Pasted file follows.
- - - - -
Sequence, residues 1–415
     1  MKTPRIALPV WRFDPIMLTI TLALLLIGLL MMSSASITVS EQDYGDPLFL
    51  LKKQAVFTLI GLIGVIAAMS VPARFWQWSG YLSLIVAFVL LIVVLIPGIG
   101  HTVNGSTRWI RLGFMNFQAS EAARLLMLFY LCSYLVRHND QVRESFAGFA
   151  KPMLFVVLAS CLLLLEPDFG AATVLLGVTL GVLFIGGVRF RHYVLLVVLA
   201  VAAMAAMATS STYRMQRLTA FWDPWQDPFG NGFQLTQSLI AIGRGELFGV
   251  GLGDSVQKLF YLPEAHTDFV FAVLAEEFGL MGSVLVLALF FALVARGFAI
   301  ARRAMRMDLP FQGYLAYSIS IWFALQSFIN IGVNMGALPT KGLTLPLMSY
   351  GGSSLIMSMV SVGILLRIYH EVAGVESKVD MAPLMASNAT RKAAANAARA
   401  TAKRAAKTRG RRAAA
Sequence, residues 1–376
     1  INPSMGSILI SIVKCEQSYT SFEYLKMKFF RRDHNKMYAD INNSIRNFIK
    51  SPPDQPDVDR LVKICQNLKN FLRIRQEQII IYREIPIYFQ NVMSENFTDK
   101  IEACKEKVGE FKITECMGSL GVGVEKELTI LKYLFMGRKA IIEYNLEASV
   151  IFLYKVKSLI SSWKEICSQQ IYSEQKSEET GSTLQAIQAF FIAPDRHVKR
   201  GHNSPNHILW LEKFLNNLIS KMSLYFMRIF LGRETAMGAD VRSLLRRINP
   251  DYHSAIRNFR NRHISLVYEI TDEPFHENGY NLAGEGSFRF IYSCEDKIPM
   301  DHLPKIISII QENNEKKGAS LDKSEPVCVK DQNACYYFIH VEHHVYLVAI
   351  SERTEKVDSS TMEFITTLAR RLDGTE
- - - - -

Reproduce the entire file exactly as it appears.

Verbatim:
Sequence, residues 1–415
     1  MKTPRIALPV WRFDPIMLTI TLALLLIGLL MMSSASITVS EQDYGDPLFL
    51  LKKQAVFTLI GLIGVIAAMS VPARFWQWSG YLSLIVAFVL LIVVLIPGIG
   101  HTVNGSTRWI RLGFMNFQAS EAARLLMLFY LCSYLVRHND QVRESFAGFA
   151  KPMLFVVLAS CLLLLEPDFG AATVLLGVTL GVLFIGGVRF RHYVLLVVLA
   201  VAAMAAMATS STYRMQRLTA FWDPWQDPFG NGFQLTQSLI AIGRGELFGV
   251  GLGDSVQKLF YLPEAHTDFV FAVLAEEFGL MGSVLVLALF FALVARGFAI
   301  ARRAMRMDLP FQGYLAYSIS IWFALQSFIN IGVNMGALPT KGLTLPLMSY
   351  GGSSLIMSMV SVGILLRIYH EVAGVESKVD MAPLMASNAT RKAAANAARA
   401  TAKRAAKTRG RRAAA
Sequence, residues 1–376
     1  INPSMGSILI SIVKCEQSYT SFEYLKMKFF RRDHNKMYAD INNSIRNFIK
    51  SPPDQPDVDR LVKICQNLKN FLRIRQEQII IYREIPIYFQ NVMSENFTDK
   101  IEACKEKVGE FKITECMGSL GVGVEKELTI LKYLFMGRKA IIEYNLEASV
   151  IFLYKVKSLI SSWKEICSQQ IYSEQKSEET GSTLQAIQAF FIAPDRHVKR
   201  GHNSPNHILW LEKFLNNLIS KMSLYFMRIF LGRETAMGAD VRSLLRRINP
   251  DYHSAIRNFR NRHISLVYEI TDEPFHENGY NLAGEGSFRF IYSCEDKIPM
   301  DHLPKIISII QENNEKKGAS LDKSEPVCVK DQNACYYFIH VEHHVYLVAI
   351  SERTEKVDSS TMEFITTLAR RLDGTE